© Jupiterimages Corporation, 2008-2009 www.clipart.com

Other photos are the property of Angela Cramer, © Angela Cramer, 2008-2009

06
Jun
09

Container Gardening Therapy – Bringing Color to Dark Spaces

June 6, 2009Kirby & Chia in Flower Garden04 2008 May

Container Gardening Therapy – Bringing Color to Dark Spaces

My life has been in such chaos and uncertainty, it has been very difficult for me to figure out what to do. A few months ago, my heart just wasn’t into doing container gardens this year. With the possibility of losing my home looming overhead, I thought “Why should I put all that time into this project, only to lose my home?”

As the weather warmed and the sun came out and weeds decorated my planters, I said, “Well, why not? I can always pack up the containers. I have at least one friend who would enjoy my plants.”

There’s something magical that happens inside when I throw a few seeds in some dirt, add a little water and sunshine, sit back and watch these barren containers spring forth with green leaves and stems and anxiously await to see what flowers and colors will emerge! Even Kirby and Chia like wandering through and on top of the pots, catching bugs, pulling up stray grass bunches and even eating treasures like fallen cherry tomatoes.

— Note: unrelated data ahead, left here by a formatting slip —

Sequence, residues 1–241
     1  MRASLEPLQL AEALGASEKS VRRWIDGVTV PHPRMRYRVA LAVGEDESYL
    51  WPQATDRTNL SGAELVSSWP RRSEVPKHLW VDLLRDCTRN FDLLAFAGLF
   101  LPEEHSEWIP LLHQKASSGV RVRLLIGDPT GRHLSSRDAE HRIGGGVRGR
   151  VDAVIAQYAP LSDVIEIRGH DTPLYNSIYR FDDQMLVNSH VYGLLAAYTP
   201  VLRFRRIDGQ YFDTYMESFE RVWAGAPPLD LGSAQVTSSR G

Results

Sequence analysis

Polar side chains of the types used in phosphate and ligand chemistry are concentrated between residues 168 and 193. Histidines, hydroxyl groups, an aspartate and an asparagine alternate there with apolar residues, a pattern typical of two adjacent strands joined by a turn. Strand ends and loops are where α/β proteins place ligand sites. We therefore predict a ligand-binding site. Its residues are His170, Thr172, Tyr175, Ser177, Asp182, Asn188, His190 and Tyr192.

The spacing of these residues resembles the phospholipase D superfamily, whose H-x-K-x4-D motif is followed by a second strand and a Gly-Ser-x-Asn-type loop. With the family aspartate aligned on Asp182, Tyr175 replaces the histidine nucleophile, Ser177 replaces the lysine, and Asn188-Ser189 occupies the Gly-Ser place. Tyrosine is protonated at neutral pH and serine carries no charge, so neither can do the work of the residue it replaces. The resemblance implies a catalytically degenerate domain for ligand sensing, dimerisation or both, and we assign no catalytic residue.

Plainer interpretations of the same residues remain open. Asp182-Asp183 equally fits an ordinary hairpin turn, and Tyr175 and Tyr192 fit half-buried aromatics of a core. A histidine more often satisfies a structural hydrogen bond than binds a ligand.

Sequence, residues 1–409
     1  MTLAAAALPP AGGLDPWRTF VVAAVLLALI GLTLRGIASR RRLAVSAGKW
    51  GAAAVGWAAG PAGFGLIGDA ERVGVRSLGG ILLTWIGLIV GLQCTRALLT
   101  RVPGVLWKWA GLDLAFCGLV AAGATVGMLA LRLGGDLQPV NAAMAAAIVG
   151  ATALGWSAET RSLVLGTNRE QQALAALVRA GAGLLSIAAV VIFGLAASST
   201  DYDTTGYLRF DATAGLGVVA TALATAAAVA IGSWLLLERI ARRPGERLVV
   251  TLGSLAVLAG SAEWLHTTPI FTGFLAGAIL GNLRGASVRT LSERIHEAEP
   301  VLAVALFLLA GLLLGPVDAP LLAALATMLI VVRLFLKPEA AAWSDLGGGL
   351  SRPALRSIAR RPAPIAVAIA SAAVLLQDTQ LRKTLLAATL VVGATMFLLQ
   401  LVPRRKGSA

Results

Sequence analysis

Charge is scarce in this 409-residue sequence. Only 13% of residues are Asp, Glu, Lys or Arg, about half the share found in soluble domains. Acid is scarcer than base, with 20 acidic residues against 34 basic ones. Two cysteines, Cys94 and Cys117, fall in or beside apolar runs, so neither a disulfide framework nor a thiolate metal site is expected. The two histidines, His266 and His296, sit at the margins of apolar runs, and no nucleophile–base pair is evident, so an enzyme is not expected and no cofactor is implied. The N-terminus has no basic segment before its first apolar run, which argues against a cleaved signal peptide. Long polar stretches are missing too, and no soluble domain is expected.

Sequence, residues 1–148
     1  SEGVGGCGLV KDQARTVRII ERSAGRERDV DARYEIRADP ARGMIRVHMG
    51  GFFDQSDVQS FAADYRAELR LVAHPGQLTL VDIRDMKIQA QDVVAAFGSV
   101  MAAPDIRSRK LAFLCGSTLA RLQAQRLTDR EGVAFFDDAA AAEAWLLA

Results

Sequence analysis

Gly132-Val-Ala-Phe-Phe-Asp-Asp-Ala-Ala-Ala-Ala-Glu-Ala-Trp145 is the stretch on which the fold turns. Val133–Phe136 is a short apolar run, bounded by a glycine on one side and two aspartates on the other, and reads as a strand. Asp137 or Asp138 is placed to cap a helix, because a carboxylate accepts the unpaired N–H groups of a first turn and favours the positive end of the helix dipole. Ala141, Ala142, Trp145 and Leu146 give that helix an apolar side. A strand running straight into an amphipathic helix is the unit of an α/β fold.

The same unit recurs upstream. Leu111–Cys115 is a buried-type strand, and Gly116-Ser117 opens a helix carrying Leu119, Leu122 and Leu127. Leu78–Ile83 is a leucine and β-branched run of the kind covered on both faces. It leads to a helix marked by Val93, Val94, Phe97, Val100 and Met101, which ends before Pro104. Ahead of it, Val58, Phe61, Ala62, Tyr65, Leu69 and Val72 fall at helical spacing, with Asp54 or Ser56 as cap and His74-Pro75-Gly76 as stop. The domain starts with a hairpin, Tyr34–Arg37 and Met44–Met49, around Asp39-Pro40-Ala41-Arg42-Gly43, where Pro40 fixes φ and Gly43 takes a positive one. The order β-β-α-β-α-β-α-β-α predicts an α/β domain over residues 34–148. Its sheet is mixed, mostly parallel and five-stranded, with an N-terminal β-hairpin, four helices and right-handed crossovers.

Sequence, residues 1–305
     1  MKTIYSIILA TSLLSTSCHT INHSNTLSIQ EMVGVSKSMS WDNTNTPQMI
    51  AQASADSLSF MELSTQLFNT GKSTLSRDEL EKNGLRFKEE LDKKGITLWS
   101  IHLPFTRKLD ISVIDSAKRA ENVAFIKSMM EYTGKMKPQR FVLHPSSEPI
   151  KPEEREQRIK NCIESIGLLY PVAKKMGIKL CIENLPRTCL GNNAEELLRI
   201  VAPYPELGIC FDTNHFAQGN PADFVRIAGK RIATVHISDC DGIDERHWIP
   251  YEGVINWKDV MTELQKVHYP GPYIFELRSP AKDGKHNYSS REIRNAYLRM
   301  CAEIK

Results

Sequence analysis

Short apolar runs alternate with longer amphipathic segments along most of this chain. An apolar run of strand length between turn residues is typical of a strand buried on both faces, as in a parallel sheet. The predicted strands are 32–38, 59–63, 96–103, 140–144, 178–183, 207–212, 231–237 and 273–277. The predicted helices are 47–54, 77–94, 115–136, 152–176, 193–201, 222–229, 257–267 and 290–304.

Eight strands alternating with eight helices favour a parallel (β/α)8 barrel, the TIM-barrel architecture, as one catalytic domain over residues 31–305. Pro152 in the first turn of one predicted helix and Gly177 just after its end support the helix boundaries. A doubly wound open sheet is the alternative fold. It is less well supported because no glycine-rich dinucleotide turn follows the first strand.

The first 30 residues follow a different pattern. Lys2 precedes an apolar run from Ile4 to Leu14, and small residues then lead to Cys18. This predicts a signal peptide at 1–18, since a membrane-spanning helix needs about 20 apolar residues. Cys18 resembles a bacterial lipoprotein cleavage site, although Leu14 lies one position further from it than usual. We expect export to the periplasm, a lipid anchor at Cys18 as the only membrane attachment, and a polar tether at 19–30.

This year I decided not to plant a container vegetable garden, other than herbs and tomato plants. The return on potatoes, zucchini, cucumbers in containers last year was dismal. Definitely not worth all the effort.

I bought a 4-pack of tomatoes to plant, one for my upside down tomato plant and the extras for large pots. Apparently, I have occasional problems with counting….it turns out I bought a 9-pack of tomatoes. So, you can expect more recipes from me using tomatoes, and my neighbors and friends can expect tomato care packages!

For those of you who would like to try a project, I would highly recommend planting a Caterpillar Nursery/Butterfly Garden.  (Click here for more information.) This is very easy and a lot of fun.

garden01For your entertainment, I thought you might enjoy some pictures I received in an email entitled: “When to Chop Off Your Green Thumbs” or “What Kind of Fertilizer Are They Using?”

garden02

© Angela Cramer, 2008-2009

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garden05garden06garden04

05
Jun
09

Suggestions to My State Legislators

June 5, 2009computer, woman3

Suggestions to My State Legislators

Being the victim of such unfair practices, makes it easier to be passionate about an issue and wanting to see change. Even though I may not benefit from changes, it is worthwhile knowing that other people will not be treated like I was.